Reaching out for help
ANGELA Waugh is one of the nearly 40% of Tweed residents who are battling to make ends meet.
The 40-year-old mother of three children, aged four, six and eight, said her troubles began when she split with her husband a year ago.
The night she left her family home with the children she stayed in a motel, and after that she said she was fortunate enough to receive an apartment in South Tweed from Housing NSW.
"It's really hard," she said. "Sometimes the kids have Weet-Bix for breakfast and for dinner.
"I need to save up for things like rego and we don't drive anywhere to save money.
"The worst time is always Christmas, when you go to everyone else's house and they have so much food."
The op shop volunteer said she makes do by relying on social services through On Track community facilities, and by using charities, such as The Salvation Army, Lifeline and Food Bank, a recently opened charity in Tweed Heads.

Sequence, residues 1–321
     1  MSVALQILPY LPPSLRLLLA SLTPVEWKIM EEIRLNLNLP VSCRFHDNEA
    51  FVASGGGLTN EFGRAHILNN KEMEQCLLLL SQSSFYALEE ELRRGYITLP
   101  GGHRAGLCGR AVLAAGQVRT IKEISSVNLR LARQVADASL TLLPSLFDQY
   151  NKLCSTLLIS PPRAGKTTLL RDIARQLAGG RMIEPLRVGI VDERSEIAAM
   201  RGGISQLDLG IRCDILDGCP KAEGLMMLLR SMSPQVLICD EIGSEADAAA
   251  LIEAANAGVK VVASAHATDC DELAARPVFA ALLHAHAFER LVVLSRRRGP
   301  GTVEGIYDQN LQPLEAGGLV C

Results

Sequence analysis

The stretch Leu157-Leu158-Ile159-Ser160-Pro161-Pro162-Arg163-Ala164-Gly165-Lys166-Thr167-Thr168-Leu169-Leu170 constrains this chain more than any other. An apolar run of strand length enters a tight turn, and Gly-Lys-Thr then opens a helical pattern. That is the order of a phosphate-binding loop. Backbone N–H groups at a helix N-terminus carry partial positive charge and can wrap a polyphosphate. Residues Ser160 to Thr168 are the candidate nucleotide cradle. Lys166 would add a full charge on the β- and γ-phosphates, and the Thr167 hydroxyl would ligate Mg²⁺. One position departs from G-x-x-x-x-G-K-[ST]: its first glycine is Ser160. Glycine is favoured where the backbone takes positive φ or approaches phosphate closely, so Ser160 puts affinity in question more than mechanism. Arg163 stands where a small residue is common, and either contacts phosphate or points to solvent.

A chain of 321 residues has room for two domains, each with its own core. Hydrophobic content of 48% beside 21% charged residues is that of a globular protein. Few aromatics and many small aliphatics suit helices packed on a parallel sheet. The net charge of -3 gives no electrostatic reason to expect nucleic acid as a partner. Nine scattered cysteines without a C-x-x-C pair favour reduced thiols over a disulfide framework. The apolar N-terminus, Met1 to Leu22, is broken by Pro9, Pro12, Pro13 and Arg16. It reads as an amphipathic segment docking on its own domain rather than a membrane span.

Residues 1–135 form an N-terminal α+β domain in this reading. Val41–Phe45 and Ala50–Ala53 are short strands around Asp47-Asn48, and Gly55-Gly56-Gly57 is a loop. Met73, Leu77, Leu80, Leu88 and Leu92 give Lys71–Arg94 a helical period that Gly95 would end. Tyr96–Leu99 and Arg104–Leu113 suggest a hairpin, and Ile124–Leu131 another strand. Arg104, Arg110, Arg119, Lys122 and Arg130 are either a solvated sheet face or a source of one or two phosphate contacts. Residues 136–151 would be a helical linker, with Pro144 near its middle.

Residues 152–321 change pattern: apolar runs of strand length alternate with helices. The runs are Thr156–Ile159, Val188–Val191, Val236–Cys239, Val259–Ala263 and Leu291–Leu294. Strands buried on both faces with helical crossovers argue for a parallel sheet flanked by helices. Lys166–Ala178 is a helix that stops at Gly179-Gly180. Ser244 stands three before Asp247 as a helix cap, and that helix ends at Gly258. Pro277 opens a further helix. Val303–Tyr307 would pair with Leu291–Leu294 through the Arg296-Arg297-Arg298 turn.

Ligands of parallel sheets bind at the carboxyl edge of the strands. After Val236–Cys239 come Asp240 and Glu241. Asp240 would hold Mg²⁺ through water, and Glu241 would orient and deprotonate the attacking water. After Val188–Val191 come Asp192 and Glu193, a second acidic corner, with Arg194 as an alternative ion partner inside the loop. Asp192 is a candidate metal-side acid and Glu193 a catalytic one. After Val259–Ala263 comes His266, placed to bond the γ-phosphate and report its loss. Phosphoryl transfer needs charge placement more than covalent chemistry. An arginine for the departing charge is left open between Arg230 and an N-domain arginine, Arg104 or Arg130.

She said most people that went through financial hardship should, and do, become familiar with all of Tweed's welfare services.
"We rely on a network big- time," Ms Waugh.
"If anyone finds themself in sudden hardship, don't feel bad, because in the community there are a lot who play a big part in helping other people."
Tweed residents like Ms Waugh are increasingly reaching out for help through charities, according to Repsychlers Op shop and FoodLocker manager Peter Hewitson.
Mr Hewitson said that was why On Track community programs launched the FoodLocker.
"It's like a supermarket where we buy the food at a normal wholesale price and then sell it at low cost to anyone that needs it.
"It's not means-tested because in our environment, when you look at the unemployed, people on concessions, retirees, and those in hardship, it's probably about 95% of the Tweed's population.
"The Tweed is working class and below.
"If you're looking to get more for your dollar, you certainly welcome to shop with us," Mr Hewitson said.